Beza and her brother
We played around for awhile, and then it was time to slaughter the sheep!! They tied one down and just slit his neck with a big machete type knife. The blood just gushed out!! I mean squirted straight out and you could HEAR it! I couldn't decide if it was awesome or disgusting! Once it was dead, they started skinning it. Ugh - I mean it was kind of gross, obviously, but still interesting to see!

YouTube link:



You're next, buddy...

The kids had seen it so many times they didn't even care it was going on. I watched them skin it for awhile and decided it was more fun with the kids, so I went back to the playground. Pushed Yitbarek on the merry-go-round and walked around with Beza's hand in mine while she pushed other kids away from me, ha! Once in awhile she would let someone else hold the other hand, but she still chose who could and who couldn't!


We eventually got all the kids lined up and broken in to groups for our second day of projects. Julie is my partner and she brought the stuff to make salvation bracelets for our other project (we will do it again tomorrow at Trees of Glory, too). We marked their shoulders with tape and got started. It went pretty well, minus the string fraying. I really think they got the concept, too! I hope so anyways. We reviewed at the end and they seemed to get it. The kids constantly yelled "Teacher! Teacher!" and waved the string in your face. Apparently they think if they stick it close enough to actually touch you, they will get your attention and you will tie a knot for them! It's a good thing I know how to say WAIT in Ahmharic. We got Helena for our translator again. We just love her and she is SO good with the kids. She used to be a teacher before Hope Chest hired her a few months ago. (When the kids weren't listening, she went outside and got a stick and slapped the table and waived it at them! And oh do they listen after that!)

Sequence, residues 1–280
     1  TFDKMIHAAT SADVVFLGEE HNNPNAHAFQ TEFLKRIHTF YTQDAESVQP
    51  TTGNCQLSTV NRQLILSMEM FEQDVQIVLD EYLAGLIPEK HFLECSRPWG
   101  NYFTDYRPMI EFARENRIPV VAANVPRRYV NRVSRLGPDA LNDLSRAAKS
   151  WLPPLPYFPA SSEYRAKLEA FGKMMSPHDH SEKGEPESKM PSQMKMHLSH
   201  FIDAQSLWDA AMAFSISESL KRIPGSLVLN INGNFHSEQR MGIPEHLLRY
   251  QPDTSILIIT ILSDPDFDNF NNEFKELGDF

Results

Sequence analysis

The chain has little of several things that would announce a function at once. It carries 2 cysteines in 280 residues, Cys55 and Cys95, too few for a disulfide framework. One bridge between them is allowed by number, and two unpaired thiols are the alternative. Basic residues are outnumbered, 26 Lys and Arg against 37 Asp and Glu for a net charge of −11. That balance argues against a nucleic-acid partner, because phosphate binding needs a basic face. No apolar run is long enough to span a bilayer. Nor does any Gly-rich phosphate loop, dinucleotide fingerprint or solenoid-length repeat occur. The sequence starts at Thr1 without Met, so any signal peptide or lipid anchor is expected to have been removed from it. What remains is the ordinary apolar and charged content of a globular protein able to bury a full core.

The kids really likes my hair today for some reason. It's down today and the kids just constantly run their fingers through it and toss it around when I'm trying to help hem with the beads. I wonder if there is head lice here?? Don't need a repeat of Nicaragua! ;)

This little boy was starting fights while waiting in line, so I put him in "time out" with me.
We got through three groups before our lunch break. I saw Yitbarek outside playing and got another cute video of him playing and giggling. I'm pretty sure he just doesn't understand that I don't speak his language. He always comes up and just starts talking to me like I know what he's saying, ha! I feel bad, but I usually just smile and nod..

So lunch... We got to serve the kids the special lunch we paid for. Sheep and carrots and potatoes and onions and POP! Ooooh my, were they excited for that! The littlest ones were first, and they lines up, washed their hands, and sat down on a little blanket and waited for lunch! We brought it to them one plate at a time, but realized an assembly line worked better. They sat there and ate and ate until they were full...and drank their pop, too! They were allllll smiles! It was so awesome to see them so happy and with full bellies!

Lining up to wash hands





Once they were all served, we all went to the shade and ate our lunch from the guest house: cabbage and carrots and potatoes and bread...and left over injera that the kids didn't eat. I really wanted to eat the sheep we slaughtered this morning, and I was originally told no - that it wasn't for us. But when I asked Alex later on, he said, "You really want to try it?!" Heck yea I want to eat the sheep we bought off the street a few hours ago, slaughtered, and cooked! Well, it wasn't very good. I had two bites and it tasted funny and it was super chewy.